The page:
Pamrevlumab has been granted fast track designation by the U.S. Food and Drug Administration (FDA) for its potential as a treatment.
How pamrevlumab works
Pulmonary fibrosis is characterized by the formation of scar tissue in the lungs, interfering with lung function and leading to symptoms like difficulty breathing, shortness of breath, and coughing. The majority of pulmonary fibrosis cases are idiopathic, meaning that the cause of scar tissue formation (fibrosis) is not known, although risk factors such as smoking have been identified. Whatever the primary cause, the immune system acts on the lungs to increase inflammation, leading to cell death and fibrosis.
Pamrevlumab is a human antibody that recognizes and binds to a protein called connective tissue growth factor, or CTGF. CTGF is involved in the progression of tissue fibrosis — it recognizes several inflammatory cytokines (signaling molecules that transmit inflammation signals from one cell to another).
Pamrevlumab binds to CTGF, preventing it from binding to cytokines and preventing downstream inflammatory signaling.
Pamrevlumab in clinical trials
A randomized Phase 2b clinical trial (NCT01890265) assigned 103 idiopathic pulmonary fibrosis (IPF) patients to 30 mg per kg of pamrevlumab or to a placebo every three weeks. Treatment was administered by injection into the bloodstream, for a total of 16 times over 45 weeks. The primary outcome was changes in forced vital capacity (FVC, a measure of how much air a patient can forcibly exhale from their lungs). The progression of lung fibrosis was measured by quantitative high-resolution computed tomography (qHRCT, an imaging technique that uses a series of X-ray images to create a quantitative three-dimensional image of the lungs). Trial results demonstrated that treatment with pamrevlumab slowed the progression of lung fibrosis relative to the placebo group. This lessening in fibrosis progression also correlated with better lung function.
An open-label Phase 2a clinical trial (NCT01262001) also evaluated the safety and tolerability of pamrevlumab in IPF patients, and its effectiveness. Patients received one of two doses, 15 mg per kg or 30 mg per kg, of treatment every three weeks for 45 weeks. Lung function was assessed by measuring FVC, while qHRCT was used to assess fibrosis over the course of the study. Study results were published in the European Respiratory Journal and showed that both dose levels were well-tolerated. Although 65 percent of the 66 people who completed the study showed an increase in lung fibrosis, 35 percent exhibited stable or lesser fibrosis three weeks after the end of treatment (week 48). These benefits were again matched by improvements in lung function.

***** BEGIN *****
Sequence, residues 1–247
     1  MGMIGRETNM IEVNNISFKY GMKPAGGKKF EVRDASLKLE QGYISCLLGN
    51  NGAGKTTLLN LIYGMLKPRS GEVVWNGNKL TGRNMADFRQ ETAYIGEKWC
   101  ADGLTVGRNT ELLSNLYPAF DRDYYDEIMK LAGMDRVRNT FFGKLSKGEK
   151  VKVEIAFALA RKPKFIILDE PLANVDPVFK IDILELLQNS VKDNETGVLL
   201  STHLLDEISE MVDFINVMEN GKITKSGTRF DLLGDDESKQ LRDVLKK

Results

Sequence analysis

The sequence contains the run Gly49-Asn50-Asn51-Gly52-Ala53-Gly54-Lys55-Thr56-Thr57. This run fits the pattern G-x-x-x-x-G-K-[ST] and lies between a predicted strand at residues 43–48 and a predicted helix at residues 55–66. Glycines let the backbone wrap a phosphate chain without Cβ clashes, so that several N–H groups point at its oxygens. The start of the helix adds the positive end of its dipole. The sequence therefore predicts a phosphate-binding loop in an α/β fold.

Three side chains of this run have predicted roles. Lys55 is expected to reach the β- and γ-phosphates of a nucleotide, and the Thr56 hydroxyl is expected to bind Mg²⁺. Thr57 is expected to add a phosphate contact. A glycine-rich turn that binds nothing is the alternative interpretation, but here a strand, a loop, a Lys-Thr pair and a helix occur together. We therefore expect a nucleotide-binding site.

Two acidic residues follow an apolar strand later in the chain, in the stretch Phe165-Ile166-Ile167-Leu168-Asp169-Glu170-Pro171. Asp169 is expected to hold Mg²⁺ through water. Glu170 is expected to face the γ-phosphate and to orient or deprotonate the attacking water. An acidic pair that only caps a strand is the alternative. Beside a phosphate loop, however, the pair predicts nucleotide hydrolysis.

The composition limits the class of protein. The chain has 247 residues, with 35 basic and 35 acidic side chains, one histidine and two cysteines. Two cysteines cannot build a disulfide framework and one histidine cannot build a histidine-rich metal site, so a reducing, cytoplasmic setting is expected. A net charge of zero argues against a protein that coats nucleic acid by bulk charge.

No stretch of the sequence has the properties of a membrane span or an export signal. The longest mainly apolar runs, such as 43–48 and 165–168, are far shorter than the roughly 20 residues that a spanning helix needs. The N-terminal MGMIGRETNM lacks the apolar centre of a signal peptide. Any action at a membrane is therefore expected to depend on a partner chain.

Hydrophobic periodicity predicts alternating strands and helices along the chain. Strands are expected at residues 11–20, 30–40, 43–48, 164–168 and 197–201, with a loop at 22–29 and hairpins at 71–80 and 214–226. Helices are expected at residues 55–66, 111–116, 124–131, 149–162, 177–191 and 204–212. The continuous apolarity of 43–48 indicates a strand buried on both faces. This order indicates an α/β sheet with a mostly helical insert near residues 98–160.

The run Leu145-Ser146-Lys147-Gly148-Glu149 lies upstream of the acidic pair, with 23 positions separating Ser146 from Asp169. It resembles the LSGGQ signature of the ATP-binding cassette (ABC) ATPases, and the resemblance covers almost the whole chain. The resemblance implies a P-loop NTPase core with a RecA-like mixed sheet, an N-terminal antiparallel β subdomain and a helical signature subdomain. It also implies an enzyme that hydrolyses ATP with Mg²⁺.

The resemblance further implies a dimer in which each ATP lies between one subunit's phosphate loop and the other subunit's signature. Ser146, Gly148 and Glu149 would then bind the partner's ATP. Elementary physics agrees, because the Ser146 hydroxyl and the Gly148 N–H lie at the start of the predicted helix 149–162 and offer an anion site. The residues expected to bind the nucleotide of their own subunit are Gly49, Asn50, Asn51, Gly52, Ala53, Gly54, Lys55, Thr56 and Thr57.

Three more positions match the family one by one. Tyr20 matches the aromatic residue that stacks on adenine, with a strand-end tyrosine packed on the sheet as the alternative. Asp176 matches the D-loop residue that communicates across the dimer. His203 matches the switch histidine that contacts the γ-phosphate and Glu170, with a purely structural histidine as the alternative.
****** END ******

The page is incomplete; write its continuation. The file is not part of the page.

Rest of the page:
A randomized Phase 3 clinical trial (NCT03955146), now enrolling about 340 IPF patients at sites across the U.S., Argentina, Australia, and select other countries, is testing the efficacy and safety of 30 mg per kg of pamrevlumab compared to a placebo. Patients, ages 40 to 85 and not using any approved IPF-specific therapy, are being randomly assigned to either pamrevlumab or placebo, given as an IV infusion every three weeks, for a total of 17 infusions over 48 weeks. The study’s primary goal is changes in FVC from a patient’s enrollment (baseline measure) out to about one year (week 48). This trial is expected to finish collecting data in December 2022.
Last updated: Jan. 4, 2021
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